The Ohio Forage and Grassland Council will be hosting an Equine Pasture and Hay Management Workshop on Saturday July 28, 2012 9:00 a.m. to 4:00 p.m. at AC Acres, Vicki Ayotte farm, 8481 Pontius Road, Groveport, Ohio. The farm is in the southeast corner of Franklin County west of State Route 674, east of Rickenbacker, and south of Groveport along the Walnut Creek. This will workshop will be covering information on pasture management, pasture soil fertility, forage species selection, tall fescue management, horse nutrition on pasture, manure management, and a pasture walk where plants will be identified and designing a grazing paddock system will be discussed.
The day will end with a hay quality discussion and hay evaluation session. Attendees are encouraged to bring a sample of their own hay for evaluation. Bob Hendershot, retired NRCS State Grassland Conservation and now part-time ODNR-DSWR grazing specialist will be leading the discussion. Hendershot helped develop the Forage for Horses program and has presented this material across the country.
This workshop will provide tips to make better use of your horse pasture. Improving the productivity of your pastures can reduce the amount of hay needed. A well-managed pasture can provide a large portion of a horse’s forage requirement mid-April through mid-November. Horses grazing well-managed paddocks will spread their manure over the pasture instead of in loafing areas or in their stalls. Healthy grass and legume plants are more productive if given the opportunity to regrow in-between grazing events.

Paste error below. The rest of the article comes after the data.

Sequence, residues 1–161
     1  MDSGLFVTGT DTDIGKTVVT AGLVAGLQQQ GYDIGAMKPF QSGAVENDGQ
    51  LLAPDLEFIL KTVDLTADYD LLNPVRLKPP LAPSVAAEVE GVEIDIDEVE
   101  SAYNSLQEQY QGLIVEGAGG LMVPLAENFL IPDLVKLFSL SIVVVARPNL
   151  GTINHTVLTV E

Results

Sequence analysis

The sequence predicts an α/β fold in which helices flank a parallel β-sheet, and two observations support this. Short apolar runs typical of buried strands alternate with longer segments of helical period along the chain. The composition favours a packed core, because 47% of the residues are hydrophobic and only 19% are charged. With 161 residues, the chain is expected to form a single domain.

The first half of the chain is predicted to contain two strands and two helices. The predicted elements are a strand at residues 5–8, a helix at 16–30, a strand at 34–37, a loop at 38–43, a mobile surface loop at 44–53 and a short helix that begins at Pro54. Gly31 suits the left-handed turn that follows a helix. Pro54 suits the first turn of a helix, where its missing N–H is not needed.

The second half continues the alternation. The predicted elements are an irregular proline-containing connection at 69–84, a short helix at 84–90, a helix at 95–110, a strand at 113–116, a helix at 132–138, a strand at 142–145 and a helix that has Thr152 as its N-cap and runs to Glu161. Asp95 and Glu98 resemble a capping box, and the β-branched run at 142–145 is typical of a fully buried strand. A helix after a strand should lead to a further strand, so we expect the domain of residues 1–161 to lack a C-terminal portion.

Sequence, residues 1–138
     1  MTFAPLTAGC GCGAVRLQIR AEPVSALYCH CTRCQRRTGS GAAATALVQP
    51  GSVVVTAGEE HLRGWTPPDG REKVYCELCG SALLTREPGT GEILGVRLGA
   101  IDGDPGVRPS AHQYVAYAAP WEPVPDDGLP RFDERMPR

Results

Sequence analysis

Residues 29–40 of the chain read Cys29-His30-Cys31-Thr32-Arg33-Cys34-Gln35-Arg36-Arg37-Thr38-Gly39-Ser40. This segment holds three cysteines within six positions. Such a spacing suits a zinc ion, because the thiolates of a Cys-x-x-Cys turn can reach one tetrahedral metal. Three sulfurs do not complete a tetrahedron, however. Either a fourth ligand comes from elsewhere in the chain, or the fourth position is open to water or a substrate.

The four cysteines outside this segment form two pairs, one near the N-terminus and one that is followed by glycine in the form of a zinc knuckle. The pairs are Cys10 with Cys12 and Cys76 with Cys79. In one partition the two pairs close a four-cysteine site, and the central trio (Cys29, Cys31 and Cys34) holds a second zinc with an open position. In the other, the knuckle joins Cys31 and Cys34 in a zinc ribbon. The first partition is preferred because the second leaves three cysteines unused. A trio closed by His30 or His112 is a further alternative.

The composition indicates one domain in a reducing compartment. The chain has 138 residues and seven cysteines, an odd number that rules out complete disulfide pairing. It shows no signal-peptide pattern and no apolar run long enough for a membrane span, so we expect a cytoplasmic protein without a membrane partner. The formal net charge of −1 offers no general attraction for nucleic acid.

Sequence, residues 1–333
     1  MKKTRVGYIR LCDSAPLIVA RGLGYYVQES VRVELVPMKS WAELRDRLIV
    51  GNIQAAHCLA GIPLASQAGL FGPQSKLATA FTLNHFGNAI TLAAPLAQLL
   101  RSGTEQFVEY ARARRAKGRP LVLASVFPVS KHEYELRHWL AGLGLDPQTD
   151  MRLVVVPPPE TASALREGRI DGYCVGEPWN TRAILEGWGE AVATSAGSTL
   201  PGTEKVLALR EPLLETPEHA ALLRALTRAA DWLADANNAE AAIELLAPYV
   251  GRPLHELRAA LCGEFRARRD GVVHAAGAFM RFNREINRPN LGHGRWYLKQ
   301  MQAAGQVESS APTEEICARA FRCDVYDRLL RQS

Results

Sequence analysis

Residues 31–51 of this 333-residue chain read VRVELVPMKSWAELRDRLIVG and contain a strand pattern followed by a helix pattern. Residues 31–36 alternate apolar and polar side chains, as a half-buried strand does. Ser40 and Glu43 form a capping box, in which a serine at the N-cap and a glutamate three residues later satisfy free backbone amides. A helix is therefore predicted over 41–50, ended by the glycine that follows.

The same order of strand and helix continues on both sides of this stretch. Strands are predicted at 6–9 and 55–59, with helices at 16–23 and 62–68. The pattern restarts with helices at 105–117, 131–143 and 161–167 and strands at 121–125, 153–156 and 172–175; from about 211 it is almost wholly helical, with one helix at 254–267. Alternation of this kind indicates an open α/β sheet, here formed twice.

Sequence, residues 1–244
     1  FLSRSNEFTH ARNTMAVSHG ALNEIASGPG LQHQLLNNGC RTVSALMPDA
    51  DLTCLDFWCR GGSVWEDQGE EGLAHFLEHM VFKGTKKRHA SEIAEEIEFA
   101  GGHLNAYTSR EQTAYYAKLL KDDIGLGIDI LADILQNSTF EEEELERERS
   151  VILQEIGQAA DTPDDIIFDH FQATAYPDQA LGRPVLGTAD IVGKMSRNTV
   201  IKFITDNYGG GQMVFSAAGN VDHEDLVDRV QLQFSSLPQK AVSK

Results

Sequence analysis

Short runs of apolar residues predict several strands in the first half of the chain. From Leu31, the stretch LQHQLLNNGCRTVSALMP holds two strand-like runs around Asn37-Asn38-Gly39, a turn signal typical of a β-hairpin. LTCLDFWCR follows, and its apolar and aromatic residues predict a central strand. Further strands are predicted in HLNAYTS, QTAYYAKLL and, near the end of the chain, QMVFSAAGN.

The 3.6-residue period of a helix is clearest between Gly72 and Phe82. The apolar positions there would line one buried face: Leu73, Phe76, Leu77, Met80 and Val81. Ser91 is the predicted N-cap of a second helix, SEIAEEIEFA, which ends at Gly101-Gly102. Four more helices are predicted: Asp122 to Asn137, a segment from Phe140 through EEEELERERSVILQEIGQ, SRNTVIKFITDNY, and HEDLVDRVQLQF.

Forage can be improved forage growth by dividing the pasture into smaller paddocks and rotate the animals among the separate paddocks. Managing the forage is an important concept to understand to protect the environment, soil, water, plants and animals.
Weeds compete with forage plants for moisture, sunlight and nutrients. Grazing management can keep most weeds out. Horse owners need to be aware of toxic plants and their control measures. A pasture that is continuously grazed, over grazed, or has inadequate soil fertility can make weed problems even worse.
Selecting the right forage species for the use and the soil type can help in providing a healthy pasture. Horse grazing areas should be long and narrow rectangles because horses tend to graze in a linear fashion, different than cattle. The location of animal watering facilities is also a concern in designing a grazing system. This information and more will be discussed register early to secure a place for the Central Ohio Forage for Horses Workshop.
Producers need to register by July 20, 2012 by contacting Hendershot at bobhendershot2011@gmail or 740-477-1114. A registration fee of $65 per farm will include materials, a 400-page Forage for Horses notebook, Pasture Stick, refreshments and lunch on Saturday July 28.